Although this month's Consumer Electronics Show (CES) in Las Vegas is usually associated with the "geek brigade", global manufacturer John Deere chose it to launch new technology aimed at farmers and growers.
The risk is especially high in the summer months, with many reports of balers catching fire from precursors like sparks, flints, accumulated dust or failure of mechanical components. In most cases, the fire can take hold quickly, generating intense heat, with the operator having little chance to disconnect the baler, meaning the tractor is often lost too.
To address the problem, Austrian coupling manufacturer Scharmuller has developed an emergency release system for baler drawbars. Featuring a removeable drawbar shaft, in normal conditions the assembly is held in place by a hydraulic locking cylinder with a pre-load of 140bar.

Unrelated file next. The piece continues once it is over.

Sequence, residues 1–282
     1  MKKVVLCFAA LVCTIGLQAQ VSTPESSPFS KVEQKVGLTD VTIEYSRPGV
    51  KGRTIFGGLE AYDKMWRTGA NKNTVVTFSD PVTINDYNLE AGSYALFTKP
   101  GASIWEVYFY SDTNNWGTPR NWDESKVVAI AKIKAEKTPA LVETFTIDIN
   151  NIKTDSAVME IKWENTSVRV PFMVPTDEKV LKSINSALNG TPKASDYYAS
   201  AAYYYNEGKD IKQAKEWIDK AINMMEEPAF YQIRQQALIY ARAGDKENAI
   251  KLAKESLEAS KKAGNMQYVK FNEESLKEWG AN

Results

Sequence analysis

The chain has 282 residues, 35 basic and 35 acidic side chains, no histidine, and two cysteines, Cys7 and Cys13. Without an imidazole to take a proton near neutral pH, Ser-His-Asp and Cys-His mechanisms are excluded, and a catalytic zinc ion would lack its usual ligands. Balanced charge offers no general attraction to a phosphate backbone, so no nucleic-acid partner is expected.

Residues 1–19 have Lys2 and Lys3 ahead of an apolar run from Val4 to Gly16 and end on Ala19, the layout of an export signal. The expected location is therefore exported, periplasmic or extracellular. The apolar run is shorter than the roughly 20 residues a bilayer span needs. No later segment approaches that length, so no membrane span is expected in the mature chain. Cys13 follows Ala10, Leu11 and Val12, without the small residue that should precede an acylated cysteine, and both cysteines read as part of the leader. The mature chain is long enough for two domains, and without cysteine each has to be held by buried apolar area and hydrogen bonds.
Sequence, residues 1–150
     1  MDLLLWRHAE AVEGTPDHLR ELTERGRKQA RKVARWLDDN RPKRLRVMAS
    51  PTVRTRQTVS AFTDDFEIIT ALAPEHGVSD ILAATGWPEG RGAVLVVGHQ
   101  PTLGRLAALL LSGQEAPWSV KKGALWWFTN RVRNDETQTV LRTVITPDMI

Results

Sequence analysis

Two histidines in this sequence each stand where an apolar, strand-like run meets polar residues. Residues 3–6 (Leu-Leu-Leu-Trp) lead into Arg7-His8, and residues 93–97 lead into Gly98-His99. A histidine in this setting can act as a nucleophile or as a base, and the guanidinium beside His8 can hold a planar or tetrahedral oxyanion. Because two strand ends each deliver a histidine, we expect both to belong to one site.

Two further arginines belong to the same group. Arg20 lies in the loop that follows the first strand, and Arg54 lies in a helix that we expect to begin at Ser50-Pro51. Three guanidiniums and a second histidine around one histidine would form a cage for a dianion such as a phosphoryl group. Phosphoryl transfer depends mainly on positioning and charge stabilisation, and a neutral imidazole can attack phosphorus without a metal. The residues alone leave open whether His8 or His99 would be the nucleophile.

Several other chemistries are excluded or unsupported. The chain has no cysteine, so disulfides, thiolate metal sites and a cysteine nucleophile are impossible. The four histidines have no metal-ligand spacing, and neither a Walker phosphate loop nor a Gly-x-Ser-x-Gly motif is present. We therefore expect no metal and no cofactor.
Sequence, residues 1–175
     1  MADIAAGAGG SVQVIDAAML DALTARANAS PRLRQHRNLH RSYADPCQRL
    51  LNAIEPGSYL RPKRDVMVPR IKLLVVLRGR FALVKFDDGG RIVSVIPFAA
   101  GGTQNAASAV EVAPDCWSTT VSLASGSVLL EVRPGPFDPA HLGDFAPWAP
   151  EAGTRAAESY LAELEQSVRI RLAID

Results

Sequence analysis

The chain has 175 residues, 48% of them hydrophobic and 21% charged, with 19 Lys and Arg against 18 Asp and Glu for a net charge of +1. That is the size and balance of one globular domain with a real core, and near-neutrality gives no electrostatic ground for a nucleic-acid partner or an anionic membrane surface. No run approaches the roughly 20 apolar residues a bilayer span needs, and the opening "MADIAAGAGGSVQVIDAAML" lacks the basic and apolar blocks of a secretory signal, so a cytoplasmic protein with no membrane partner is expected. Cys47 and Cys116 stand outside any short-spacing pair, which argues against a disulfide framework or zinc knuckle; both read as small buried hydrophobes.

However, if an event like a fire occurs, the operator can trigger a release button in the cabin that energises a solenoid, allowing the drawbar to release and the tractor to move away from the baler in little more than a few seconds. This is achieved without the driver leaving the seat and removes the risk of injury from the intense heat.
Used in conjunction with breakaway hydraulic couplers, consequential damage created by hydraulic and electrical connections being ripped out cannot be completely avoided. However, the cost is minimal compared to losing both the tractor and the baler.
In addition to the disconnection function, if the baler is equipped with an air braking system, the sudden drop in air pressure means the brakes are applied and the baler is held in a fixed position.
With a suggested retail price of €5,000 (NZ$8,500) the system is not cheap. However, it will certainly give peace of mind to large scale operators who value their machinery. More importantly, it will minimise risk to them and their drivers.